19 August 2017

How to Avoid Biggest Investment Mistakes

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Everyone wants to know when the stock market is going to tank -- and how high it's going to go just before it does. It would make getting rich a lot easier. Even Wall Street experts don't know exactly what's ahead in the short run. But what they do know is how to position your investments to make the most money over time. Here are the top 4 mistakes investors are making at the moment -- and how to avoid them.

1. Not investing in stocks: You have to be in it to win it, as the old lottery adage goes. That's true of investing as well. Stocks offer the highest returns over many years. The problem is a lot of people are scared of stocks after the dot com bust and the financial crisis that led to the Great Recession. 

Too many investors are sitting on the sidelines and keeping their money in cash -- which earns them nothing. Meanwhile, the S&P 500 has gained about 180% since the stock market hit its low point in March 2009. When prices are falling, it's easy to get skittish and avoid putting money into the market. Still, the best time to build positions for the long haul is when there are more bargains.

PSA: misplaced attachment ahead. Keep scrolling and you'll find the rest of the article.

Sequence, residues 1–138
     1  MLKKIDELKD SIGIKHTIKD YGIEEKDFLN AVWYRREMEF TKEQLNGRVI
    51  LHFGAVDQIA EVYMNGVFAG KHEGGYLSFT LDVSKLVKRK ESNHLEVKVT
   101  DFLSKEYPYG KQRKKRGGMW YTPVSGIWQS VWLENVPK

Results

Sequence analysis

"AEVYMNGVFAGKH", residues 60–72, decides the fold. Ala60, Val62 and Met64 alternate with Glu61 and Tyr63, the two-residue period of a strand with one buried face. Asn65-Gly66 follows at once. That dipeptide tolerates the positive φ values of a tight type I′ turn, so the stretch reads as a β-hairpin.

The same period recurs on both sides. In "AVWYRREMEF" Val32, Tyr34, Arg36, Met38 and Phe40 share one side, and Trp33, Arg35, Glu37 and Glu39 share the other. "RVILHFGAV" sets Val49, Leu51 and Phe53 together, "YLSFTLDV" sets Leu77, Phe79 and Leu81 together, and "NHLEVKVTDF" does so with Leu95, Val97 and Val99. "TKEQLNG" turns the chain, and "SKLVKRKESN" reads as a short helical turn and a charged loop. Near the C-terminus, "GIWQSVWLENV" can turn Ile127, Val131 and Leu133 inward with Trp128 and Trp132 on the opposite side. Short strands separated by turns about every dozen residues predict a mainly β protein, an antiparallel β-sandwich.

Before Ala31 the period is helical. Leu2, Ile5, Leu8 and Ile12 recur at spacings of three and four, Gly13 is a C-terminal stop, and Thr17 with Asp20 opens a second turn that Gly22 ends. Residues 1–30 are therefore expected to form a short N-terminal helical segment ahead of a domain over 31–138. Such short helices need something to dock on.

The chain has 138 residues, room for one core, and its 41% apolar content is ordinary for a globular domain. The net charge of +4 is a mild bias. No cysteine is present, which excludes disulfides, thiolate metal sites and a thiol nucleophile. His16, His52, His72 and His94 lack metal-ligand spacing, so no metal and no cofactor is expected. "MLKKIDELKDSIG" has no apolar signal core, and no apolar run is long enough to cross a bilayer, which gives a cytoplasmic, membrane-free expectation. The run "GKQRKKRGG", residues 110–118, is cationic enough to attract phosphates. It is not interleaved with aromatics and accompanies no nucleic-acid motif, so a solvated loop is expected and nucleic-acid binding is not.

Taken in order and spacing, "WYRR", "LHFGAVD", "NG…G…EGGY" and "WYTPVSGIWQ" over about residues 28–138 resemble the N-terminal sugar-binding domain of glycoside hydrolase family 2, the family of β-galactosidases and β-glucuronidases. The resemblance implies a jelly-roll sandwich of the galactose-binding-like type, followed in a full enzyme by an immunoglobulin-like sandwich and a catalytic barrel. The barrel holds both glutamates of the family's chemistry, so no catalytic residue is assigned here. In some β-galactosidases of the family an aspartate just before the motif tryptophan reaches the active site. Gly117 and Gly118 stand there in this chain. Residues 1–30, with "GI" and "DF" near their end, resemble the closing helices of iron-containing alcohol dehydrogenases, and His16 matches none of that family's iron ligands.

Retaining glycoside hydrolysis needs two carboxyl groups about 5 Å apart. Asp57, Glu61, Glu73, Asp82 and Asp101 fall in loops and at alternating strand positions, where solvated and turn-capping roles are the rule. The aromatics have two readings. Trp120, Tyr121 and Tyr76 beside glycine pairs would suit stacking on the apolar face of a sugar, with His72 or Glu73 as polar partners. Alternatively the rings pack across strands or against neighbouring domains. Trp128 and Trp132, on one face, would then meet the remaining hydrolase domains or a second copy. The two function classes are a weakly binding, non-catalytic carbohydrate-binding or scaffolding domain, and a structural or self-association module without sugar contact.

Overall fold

2. Investing in riskier assets: The second pitfall is that investors are putting too much money in long-term bonds and high-yield -- often called "junk" -- bonds. It's been dubbed the "search for higher yield". "High yield" is Wall Street speak for "high risk." You get paid more because there's a greater chance that you won't get paid at all if a company or entity goes belly up.  

At the moment, the junk bond market is so hot that investors aren't even demanding much extra compensation for the risk they're taking on. That could come back to bite them. Chris Philips, a senior strategist at Vanguard, notes that money going into higher risk assets has been higher than what's being invested in lower risk securities over the past 12 months.

3. Short-term thinking: Another "no no" is that investors have short memories. They tend to look at what did well last year -- or even last week -- and put their money into that instead of thinking about the future. Consider that famed investor Warren Buffett isn't a day trader. He buys companies with the intention of holding them for awhile -- often years. Most investors are saving for retirement, buying a house or other long-term goals. They should have a similar mentality to Buffett. 

4. Forgetting inflation: The economy will eventually pick up more momentum and that will lead to higher inflation. The Federal Reserve will have to raise rates as a result. Rate hikes could come as soon as next year. Once the Fed starts raising rates to keep inflation in check, many of the bonds that did well last year won't look as good. Rising inflation will eat away at fixed-income returns. Over time, stocks are the best protection against inflation. 

Click here to access the full article on CNN Money.

 

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